Three goals in two games for Joe Cole – salvaging a draw against the Czech Republic and gaining victory over Andorra – and yet a familiar complaint from his manager. When Fabio Capello chose to berate Cole and Wayne Rooney for failing to follow his tactical instructions there were echoes of a famous clash with Jose Mourinho more than three years ago.
In January 2005, the then Chelsea manager accused Cole of having "two faces" – one his vision and technical ability and the other his lack of discipline. "After Cole scored the game ended for him," Mourinho said after the midfielder had struck the only goal in a crucial 1-0 victory over Liverpool. "We were playing with 10 men afterwards. Cole stopped running, stopped playing."
Capello's complaint was that he ran too much. Mourinho had drummed into Cole the need to track back and play to the system he favoured. Capello was left telling off the 26-year-old for not holding an advanced position. "I was not happy with Joe and Wayne Rooney," Capello said. "I was asking them to go forward again because Emile Heskey was all on his own." The message was all too clear and it again captured the conundrum of Joe Cole. For all his achievements and ability there remains a fundamental distrust from coaches to have complete faith in him.
It appears somewhat perverse but ever since he has been at Chelsea, for example, he has started every season with a question mark over him. Even this campaign, had Robinho been signed, the suspicion was that Cole would have been the one to eventually be left out.
For England, having appeared to have earned himself that role on the left of midfield, he has discovered, due to variations in formation and that little lack of pace that he has, that it's the position most up for grabs, with Steven Gerrard and Stewart Downing chosen ahead of him.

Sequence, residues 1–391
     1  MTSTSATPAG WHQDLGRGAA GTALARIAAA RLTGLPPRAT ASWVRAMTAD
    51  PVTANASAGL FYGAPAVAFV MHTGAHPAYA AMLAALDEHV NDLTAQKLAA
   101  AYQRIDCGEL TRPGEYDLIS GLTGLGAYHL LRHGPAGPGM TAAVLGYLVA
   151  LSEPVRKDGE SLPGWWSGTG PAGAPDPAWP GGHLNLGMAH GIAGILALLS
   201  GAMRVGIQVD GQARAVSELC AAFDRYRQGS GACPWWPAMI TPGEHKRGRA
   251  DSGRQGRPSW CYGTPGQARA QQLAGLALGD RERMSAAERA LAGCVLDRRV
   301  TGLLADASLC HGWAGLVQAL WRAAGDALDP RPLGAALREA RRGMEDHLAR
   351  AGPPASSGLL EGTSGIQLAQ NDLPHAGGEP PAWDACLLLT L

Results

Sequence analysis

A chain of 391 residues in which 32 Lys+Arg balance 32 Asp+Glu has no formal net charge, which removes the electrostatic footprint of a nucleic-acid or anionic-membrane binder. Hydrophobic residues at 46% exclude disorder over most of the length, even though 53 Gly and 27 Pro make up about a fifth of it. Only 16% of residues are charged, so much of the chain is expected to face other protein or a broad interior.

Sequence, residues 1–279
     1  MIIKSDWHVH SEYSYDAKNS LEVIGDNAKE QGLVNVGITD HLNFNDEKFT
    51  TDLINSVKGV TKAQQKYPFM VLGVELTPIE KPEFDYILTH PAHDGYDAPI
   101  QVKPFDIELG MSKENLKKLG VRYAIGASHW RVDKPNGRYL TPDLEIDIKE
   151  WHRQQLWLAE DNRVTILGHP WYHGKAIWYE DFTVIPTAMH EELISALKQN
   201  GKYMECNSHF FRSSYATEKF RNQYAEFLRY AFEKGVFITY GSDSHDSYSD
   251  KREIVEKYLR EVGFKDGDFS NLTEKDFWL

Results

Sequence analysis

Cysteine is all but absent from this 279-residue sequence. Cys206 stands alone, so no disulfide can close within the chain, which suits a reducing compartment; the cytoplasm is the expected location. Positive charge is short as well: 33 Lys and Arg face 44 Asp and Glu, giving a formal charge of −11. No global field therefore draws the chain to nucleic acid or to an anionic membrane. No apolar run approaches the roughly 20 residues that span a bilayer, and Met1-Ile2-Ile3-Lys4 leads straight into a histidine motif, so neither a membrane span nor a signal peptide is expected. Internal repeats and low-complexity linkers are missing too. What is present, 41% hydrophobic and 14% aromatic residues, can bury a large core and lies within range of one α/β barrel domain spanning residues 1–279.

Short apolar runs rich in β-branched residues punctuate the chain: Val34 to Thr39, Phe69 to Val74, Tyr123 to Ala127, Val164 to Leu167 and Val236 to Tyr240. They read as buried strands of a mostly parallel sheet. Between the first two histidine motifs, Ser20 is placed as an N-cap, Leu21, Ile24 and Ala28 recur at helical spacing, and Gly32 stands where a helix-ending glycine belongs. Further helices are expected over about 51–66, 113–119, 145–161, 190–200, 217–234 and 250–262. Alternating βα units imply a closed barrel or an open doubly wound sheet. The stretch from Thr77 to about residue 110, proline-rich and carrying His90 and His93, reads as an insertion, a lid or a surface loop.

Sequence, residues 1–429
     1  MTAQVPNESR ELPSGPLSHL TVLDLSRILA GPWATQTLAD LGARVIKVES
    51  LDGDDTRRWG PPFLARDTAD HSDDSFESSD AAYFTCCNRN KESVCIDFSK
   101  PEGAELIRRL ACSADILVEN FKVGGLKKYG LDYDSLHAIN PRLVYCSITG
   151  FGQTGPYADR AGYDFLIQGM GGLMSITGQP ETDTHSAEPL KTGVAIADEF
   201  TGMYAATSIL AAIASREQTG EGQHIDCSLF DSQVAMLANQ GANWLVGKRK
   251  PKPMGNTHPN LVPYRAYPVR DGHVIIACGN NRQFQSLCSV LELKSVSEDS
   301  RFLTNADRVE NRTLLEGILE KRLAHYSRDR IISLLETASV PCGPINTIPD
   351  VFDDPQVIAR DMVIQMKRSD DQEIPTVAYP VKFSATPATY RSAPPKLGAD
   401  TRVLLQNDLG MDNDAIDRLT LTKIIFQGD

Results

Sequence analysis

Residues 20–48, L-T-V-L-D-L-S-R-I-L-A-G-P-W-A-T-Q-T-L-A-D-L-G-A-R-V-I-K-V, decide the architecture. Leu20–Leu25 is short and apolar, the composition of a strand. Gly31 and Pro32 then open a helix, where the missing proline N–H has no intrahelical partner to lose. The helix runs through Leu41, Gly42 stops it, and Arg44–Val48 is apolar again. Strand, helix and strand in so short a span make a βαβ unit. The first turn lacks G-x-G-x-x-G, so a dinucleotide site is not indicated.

It means that those three England goals, the last three scored by the national side, have all come from Cole appearing as a substitute.
He has surely made a stronger case for a start against Croatia and yet the suspicion lingers that he could, once more, miss out. "I have got to think about Joe," Capello said, but many supporters will be pondering: what is there to think about?
"I think Joe is staking his claim," said his Chelsea and England team-mate Frank Lampard. "No player likes to not be in the starting line-up and Joe isn't any different. No one trains harder or gives his all as much as Joe. He wants to be in the team.
"The decision is always down to the manager but he has to have given him something to think about coming on and doing that.
"When you aren't in the team whether it's because you are out of favour or it's a tactical thing, all you can do is do your stuff when you are called on and Joe has done that again.
"We're a group – we're a squad – and we're all together trying to qualify. But Joe's come on and made a big difference."